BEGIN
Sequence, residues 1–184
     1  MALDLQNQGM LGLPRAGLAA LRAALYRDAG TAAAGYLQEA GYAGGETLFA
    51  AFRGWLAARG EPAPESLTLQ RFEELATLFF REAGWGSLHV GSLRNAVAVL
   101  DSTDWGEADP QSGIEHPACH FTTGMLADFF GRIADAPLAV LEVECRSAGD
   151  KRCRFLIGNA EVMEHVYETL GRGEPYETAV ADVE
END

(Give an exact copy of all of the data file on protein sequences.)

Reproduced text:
Sequence, residues 1–184
     1  MALDLQNQGM LGLPRAGLAA LRAALYRDAG TAAAGYLQEA GYAGGETLFA
    51  AFRGWLAARG EPAPESLTLQ RFEELATLFF REAGWGSLHV GSLRNAVAVL
   101  DSTDWGEADP QSGIEHPACH FTTGMLADFF GRIADAPLAV LEVECRSAGD
   151  KRCRFLIGNA EVMEHVYETL GRGEPYETAV ADVE